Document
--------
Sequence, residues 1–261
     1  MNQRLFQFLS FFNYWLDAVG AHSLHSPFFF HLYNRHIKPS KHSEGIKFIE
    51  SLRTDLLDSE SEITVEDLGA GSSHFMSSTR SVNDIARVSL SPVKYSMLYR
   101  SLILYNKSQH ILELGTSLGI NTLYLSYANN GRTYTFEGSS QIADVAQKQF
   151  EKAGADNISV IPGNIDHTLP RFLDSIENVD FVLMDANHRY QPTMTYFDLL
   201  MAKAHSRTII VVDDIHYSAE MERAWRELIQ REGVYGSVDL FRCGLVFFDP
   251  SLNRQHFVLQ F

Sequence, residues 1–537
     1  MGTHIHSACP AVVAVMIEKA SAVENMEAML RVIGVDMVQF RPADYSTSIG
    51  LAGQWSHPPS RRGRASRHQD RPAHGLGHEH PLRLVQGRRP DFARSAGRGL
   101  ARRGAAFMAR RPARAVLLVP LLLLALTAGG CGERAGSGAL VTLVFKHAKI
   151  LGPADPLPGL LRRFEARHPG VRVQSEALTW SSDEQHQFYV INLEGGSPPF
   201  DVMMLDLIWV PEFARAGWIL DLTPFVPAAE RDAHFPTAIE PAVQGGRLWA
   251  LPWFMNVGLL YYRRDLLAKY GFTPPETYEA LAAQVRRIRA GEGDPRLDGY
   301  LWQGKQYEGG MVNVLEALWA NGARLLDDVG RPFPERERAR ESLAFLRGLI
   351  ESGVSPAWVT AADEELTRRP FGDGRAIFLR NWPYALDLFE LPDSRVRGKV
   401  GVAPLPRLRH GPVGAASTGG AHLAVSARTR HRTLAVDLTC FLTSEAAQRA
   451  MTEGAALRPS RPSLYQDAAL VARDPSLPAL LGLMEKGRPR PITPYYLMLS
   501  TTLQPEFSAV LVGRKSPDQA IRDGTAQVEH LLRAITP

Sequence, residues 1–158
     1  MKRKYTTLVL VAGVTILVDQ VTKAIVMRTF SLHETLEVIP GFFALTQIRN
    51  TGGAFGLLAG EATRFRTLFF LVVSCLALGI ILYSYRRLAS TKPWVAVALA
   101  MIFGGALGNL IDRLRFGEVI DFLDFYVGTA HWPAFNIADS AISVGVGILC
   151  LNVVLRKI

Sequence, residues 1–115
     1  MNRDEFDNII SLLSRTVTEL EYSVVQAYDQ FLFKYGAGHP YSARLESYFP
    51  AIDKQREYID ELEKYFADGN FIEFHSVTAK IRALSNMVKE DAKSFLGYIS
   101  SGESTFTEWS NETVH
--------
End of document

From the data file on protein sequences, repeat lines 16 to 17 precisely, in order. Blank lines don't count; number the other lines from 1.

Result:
   351  ESGVSPAWVT AADEELTRRP FGDGRAIFLR NWPYALDLFE LPDSRVRGKV
   401  GVAPLPRLRH GPVGAASTGG AHLAVSARTR HRTLAVDLTC FLTSEAAQRA